So, yeah, anyway, I met Alex Dawley through Instagram, and together we created a bit of a plan for what change might look like, and then that developed into a charity. The idea was to put businesses like mine at the front of the change, because we spoke to a whole load of institutions and governing bodies that in theory run our industry, and it was all very disappointing and just slow moving in response, and we just thought, "This is never going to get us anywhere, and we want action now." To cut a long story short, we got about 160 businesses, and they've all committed to take the pledge. You have to pay a small annual subscription which allows us to run the charity in support by providing all of the candidates. So, we've got five apprentices starting a year long placement across four different companies, which is sort of the jewel in our crown.

Annoushka Ducas:
That's so clever, because that means they'll move around different businesses and get a really holistic view.

Sophie:
Exactly, going from maker to supplier to designer. It's four opportunities for them to prove themselves, make contacts, build their network, get their foot in the door, and the caliber of students who we've had who we were choosing from, we had a lot of people apply, and they are extraordinary and so talented, and I know that all of them are going to end the year with four job offers. That's the whole point of it, really. Yeah, we just hope to be able to look around and see a different picture in a few years time.

Annoushka Ducas:
So many congratulations on that, because actually, it's so easy to think about it, but a lot less easy to actually do it and actually make it happen. Sophie, thank you so much. I've got a question before I... well, there are two things. As you know, I would love to make you a charm to say thank you so much for coming on and speaking about your life in seven charms. My first question is, do you know which charm you'd like me to make you?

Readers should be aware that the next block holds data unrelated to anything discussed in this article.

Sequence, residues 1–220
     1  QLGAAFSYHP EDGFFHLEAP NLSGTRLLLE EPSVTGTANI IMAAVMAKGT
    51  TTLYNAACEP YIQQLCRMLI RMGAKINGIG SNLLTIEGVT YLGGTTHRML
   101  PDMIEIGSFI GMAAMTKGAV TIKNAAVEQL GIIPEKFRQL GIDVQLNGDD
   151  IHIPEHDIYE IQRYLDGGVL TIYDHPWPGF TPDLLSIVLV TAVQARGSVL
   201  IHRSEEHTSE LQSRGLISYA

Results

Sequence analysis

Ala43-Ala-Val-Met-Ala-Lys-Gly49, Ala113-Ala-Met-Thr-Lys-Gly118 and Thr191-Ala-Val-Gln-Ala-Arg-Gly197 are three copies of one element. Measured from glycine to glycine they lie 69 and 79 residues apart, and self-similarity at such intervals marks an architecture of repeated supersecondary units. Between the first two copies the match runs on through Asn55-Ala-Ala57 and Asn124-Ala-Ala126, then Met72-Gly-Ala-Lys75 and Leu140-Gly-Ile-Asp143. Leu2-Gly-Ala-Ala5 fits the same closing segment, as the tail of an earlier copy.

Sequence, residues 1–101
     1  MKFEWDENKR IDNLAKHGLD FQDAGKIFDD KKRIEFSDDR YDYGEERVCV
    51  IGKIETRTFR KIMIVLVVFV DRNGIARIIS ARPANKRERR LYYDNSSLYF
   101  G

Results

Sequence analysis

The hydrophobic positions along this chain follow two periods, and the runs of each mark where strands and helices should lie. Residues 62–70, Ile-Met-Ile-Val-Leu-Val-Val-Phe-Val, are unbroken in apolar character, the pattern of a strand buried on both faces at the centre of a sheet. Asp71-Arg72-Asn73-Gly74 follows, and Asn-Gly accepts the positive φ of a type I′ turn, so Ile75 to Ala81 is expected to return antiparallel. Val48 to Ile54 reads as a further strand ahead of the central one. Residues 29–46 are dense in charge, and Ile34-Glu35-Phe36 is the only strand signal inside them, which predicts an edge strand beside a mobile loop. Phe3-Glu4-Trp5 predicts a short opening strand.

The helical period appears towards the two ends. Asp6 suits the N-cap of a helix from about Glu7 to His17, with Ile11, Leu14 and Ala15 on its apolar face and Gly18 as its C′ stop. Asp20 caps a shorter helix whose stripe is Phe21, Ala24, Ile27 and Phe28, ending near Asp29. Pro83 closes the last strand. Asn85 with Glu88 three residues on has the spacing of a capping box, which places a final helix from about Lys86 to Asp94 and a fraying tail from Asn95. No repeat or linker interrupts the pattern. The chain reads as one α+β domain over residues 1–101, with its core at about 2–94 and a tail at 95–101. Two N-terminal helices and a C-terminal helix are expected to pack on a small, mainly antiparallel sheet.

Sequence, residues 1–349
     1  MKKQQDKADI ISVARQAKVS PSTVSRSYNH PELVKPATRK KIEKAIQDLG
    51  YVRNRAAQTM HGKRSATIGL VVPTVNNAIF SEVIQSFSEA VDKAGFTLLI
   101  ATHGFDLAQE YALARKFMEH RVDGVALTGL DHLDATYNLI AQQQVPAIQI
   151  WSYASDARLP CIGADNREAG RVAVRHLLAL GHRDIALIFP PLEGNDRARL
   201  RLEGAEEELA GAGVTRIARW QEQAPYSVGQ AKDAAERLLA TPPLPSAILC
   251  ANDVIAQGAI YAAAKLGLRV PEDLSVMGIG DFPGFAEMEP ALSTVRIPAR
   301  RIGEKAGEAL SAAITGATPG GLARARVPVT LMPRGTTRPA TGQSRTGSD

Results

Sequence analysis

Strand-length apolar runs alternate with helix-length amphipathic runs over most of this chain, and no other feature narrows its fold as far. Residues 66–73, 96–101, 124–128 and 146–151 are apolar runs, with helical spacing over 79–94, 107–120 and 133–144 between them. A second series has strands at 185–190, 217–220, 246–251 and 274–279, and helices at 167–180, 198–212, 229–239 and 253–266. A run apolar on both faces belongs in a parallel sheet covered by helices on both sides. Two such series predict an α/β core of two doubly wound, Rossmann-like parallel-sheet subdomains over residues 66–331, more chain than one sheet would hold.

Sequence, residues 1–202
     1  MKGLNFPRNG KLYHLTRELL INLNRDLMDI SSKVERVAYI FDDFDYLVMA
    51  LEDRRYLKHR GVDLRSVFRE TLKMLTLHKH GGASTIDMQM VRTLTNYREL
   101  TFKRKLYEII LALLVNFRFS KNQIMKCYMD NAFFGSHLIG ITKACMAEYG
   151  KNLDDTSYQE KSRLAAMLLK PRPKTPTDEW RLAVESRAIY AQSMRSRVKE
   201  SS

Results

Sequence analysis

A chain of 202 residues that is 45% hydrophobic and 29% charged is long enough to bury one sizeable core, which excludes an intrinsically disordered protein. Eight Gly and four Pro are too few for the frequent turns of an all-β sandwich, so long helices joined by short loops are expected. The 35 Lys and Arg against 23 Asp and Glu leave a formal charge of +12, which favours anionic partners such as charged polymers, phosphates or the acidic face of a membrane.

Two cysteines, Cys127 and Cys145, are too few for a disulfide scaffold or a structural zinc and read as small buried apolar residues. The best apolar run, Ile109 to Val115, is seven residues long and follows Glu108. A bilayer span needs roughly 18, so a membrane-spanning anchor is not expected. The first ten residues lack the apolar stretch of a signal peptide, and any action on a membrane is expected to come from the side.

Sophie:
That's so difficult, and I really thought about it. I think it might have to be Trudles the teddy, just because he's so unique, and the way that you've drawn it looks so adorable. It's my past and my history, so I'd love to have that.

Annoushka Ducas:
I'm so glad you said that, because actually I haven't made a teddy for so long. It would be absolutely lovely to make a teddy with a little locket, and then I thought maybe you could have, if you can ease him out of Rainbow's clutches, maybe she'll let you have a little bit of the cork that's still in his pocket.

Sophie:
Yes, that's a good idea.

Annoushka Ducas:
Put it inside the locket when you get it.

Sophie:
That's a great idea.

Annoushka Ducas:
One final question that I ask everybody is when your granddaughter or great granddaughter finds this drawing of this bracelet of your life in seven charms, what would you like him or her to think of you? What would you like your legacy to be?

Sophie:
Oh my goodness. Do you know, I have absolutely no idea. I think I would just like to be thought of as someone who was kind and generous and lived a happy life and was all about family. Yeah. That would be perfect for me.